This rule of practice, under which the Court does not lightly overturn the concurrent findings of fact of two lower federal courts, is a salutary one to be followed where applicable. We think it inapplicable here where the dispute between the parties is not so much over the elemental facts as over the constitutional significance to be attached to them. Moreover, this is a habeas corpus case in which the facts are contained primarily in the state court record (equally available to us as to the federal courts below) and where the evidentiary hearing in the District Court purported to be "confined" to two specific issues which we deem not controlling.


We think this view is particularly appropriate here. The essential facts are contained in the state court record. The evidentiary hearing, for the most part, was unproductive, only confirming that which is suggested by the trial record: Mrs. D'Amora did not see any photographs prior to the Grand Jury hearing and then she was shown only those of Gonzalez and Castellano. At the hearing memories had faded regarding the August 10th picture showing, but Miss Pisciotto's trial testimony clearly describes the circumstance surrounding that showing of the robbers' pictures to Mrs. D'Amora. It is further noteworthy that the key witness here, Mrs. D'Amora, never testified before Magistrate Goettel but was deposed in Virginia Beach where she now resides. Hence, there was no opportunity for him to observe her demeanor and judge her veracity which is a major factor in appellate courts' normal reluctance to interfere with trial court findings of fact. United States ex rel. Miller v. LaVallee, 436 F.2d 875, 876 (2d Cir. 1970), cert. denied, 402 U.S. 914, 91 S.Ct. 1367, 28 L.Ed.2d 657 (1971):


We have in mind that when the issue the trial judge must determine relates to the validity of a witness's identification of a defendant we ought to accord great weight to the determination the judge makes, for he has seen and has heard that witness.


Moreover, as Biggers points out the basic question to be determined here is the constitutional significance to be attached to the facts. On this score the Magistrate arrived at two separate conclusions of law. First, that the photographic identification was so impermissibly suggestive as to give rise to a substantial likelihood of misidentification, Simmons v. United States, 390 U.S. 377, 88 S.Ct. 967, 19 L.Ed.2d 1247 (1968), and secondly, that the prosecution failed to sustain its burden by clear evidence that the in-court identification was based upon observations of the defendant other than the improper confrontations, citing United States v. Wade, 388 U.S. 218, 87 S.Ct. 1926, 18 L.Ed.2d 1149 (1967). The problem is that the so-called "per se" rule of Wade has been found by this circuit not applicable to due process photographic identification cases2 which are to be determined by the more flexible "totality of circumstances" test of Stovall and Simmons.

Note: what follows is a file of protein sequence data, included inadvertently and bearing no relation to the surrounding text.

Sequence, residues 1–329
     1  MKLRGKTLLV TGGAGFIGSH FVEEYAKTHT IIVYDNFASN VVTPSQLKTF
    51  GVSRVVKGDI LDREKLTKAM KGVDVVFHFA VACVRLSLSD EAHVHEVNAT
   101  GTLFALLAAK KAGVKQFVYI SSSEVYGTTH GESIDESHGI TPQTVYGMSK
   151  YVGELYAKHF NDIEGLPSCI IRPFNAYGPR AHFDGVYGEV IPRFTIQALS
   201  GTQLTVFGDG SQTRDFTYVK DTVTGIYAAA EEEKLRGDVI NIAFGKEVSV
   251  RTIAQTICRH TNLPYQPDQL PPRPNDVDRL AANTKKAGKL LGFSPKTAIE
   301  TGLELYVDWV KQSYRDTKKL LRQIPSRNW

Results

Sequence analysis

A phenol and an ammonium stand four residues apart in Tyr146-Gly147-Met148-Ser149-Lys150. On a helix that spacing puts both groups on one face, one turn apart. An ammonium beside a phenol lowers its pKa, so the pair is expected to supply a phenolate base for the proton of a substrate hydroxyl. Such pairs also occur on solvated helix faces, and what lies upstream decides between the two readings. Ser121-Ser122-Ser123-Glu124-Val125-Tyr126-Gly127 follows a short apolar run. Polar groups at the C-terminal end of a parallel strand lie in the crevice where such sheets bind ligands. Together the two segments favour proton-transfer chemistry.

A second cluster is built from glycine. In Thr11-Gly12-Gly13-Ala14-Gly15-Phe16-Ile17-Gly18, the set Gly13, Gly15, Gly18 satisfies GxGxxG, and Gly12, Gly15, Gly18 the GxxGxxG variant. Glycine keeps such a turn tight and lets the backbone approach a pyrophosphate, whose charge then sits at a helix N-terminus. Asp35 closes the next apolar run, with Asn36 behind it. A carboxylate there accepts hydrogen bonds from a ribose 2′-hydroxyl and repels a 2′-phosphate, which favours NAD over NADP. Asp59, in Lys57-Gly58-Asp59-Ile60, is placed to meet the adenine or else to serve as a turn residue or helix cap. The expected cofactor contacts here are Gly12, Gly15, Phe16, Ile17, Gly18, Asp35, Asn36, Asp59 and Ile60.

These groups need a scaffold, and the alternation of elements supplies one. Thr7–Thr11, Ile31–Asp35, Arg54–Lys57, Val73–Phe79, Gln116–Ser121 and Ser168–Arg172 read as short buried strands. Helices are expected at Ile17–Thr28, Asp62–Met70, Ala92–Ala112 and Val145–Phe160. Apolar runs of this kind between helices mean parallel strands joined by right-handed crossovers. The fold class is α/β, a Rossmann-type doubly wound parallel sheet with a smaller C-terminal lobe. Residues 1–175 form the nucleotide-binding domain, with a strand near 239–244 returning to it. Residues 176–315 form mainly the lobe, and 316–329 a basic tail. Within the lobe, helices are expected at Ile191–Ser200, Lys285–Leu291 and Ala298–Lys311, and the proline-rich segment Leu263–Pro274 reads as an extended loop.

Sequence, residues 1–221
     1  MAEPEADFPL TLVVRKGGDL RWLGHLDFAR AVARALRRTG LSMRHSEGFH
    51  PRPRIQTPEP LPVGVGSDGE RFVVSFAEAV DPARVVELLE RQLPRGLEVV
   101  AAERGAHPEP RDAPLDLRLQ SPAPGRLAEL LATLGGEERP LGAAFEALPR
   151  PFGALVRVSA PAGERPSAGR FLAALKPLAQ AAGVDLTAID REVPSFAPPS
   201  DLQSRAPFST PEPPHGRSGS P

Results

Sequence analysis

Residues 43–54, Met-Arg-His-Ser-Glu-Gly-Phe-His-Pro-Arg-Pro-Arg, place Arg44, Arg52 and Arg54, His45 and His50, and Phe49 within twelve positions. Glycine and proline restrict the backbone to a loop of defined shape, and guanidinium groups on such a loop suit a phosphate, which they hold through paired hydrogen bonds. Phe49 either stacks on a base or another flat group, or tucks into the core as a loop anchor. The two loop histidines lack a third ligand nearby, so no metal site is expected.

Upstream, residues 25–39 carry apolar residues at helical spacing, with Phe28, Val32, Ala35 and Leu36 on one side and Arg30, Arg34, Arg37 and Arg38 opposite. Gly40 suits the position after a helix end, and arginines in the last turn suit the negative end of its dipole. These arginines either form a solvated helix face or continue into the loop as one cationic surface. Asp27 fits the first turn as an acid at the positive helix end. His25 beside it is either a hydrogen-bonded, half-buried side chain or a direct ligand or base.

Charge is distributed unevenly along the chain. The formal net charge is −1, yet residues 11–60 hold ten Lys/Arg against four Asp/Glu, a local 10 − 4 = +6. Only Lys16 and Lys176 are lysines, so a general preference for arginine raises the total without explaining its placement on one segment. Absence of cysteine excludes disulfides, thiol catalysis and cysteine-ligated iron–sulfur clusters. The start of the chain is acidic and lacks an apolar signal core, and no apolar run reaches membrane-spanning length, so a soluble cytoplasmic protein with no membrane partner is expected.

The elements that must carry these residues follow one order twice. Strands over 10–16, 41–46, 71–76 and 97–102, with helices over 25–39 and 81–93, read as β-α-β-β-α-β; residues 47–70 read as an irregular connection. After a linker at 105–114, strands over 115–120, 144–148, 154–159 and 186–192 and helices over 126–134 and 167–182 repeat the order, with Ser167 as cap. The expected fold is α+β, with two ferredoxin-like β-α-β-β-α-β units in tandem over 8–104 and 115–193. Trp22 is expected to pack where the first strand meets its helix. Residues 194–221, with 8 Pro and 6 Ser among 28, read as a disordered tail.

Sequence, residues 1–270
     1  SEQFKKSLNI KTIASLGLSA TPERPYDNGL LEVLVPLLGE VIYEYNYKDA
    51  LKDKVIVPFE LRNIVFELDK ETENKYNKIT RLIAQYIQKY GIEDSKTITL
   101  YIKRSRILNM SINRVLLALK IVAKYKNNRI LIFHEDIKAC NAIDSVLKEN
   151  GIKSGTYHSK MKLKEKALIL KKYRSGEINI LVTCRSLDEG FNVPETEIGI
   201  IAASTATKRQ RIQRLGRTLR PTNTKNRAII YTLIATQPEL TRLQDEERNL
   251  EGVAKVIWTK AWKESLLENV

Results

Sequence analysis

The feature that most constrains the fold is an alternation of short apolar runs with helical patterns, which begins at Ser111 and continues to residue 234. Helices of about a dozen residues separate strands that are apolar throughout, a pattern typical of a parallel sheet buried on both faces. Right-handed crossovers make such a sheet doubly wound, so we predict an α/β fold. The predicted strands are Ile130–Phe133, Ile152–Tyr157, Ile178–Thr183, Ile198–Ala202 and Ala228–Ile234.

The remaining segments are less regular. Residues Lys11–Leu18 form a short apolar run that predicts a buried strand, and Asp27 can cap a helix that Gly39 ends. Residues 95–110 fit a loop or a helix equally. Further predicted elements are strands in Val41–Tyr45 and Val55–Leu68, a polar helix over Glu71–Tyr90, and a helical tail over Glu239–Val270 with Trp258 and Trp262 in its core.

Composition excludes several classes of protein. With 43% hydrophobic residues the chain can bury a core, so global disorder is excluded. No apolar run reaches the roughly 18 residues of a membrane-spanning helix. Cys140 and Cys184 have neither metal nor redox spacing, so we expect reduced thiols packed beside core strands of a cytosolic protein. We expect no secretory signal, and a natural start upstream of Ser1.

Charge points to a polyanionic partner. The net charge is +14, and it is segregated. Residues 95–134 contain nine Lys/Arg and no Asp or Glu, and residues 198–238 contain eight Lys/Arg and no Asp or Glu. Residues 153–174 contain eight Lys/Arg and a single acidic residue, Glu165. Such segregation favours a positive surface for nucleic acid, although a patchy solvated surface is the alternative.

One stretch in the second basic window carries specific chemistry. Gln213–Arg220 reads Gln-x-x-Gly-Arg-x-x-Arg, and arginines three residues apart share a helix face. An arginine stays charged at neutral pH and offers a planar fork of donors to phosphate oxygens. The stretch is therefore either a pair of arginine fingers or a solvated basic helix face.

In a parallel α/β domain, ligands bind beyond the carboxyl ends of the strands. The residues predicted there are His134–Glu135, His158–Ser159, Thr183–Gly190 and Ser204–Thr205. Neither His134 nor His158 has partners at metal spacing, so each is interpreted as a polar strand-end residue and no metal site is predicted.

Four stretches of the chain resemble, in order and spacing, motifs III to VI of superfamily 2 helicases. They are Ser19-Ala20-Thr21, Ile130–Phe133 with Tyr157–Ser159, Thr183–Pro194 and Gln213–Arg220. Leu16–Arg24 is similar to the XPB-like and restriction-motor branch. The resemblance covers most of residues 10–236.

Thus Judge Medina writing for a panel of this Court in United States ex rel. Rutherford v. Deegan, 406 F.2d 217, 218-219, cert. denied, 395 U.S. 983, 89 S. Ct. 2145, 23 L.Ed.2d 771 (1969) held:


We think it clear that the rule of Wade, applicable only prospectively and requiring a hearing and finding that "the in-court identifications had an independent source" based on "clear and convincing evidence that the in-court identifications were based upon observations of the suspect other than the lineup identification" or a finding that the error was harmless, is clearly not the rule governing Stovall or other due process of law cases. To intermingle the two separate but analogous rules of Wade and Stovall can only result in confusion . . . . We think it is clear that no per se rule governs the due process of law cases.


This position was reaffirmed in United States ex rel. Miller v. LaVallee, supra, 436 F.2d at 876.


While the Magistrate here espoused both rules, a reading of his final report where he discusses the legal issues indicates that in effect he adopted the "per se" approach of Wade espoused in United States v. Gambrill, 146 U.S.App.D.C. 72, 449 F.2d 1148, 1153 (1971).3


We conclude therefore that although the showing of a single photograph (here there were two photographs shown but only of the two defendants charged with the robbery) is impermissibly suggestive, our inquiry must be whether under all the circumstances it gave rise to a very substantial likelihood of irreparable misidentification. United States ex rel. Carter v. Mancusi, 342 F. Supp. 1356, 1357-1359 (S.D.N.Y.1971), aff'd on opinion below, 460 F.2d 1406 (2d Cir. 1972).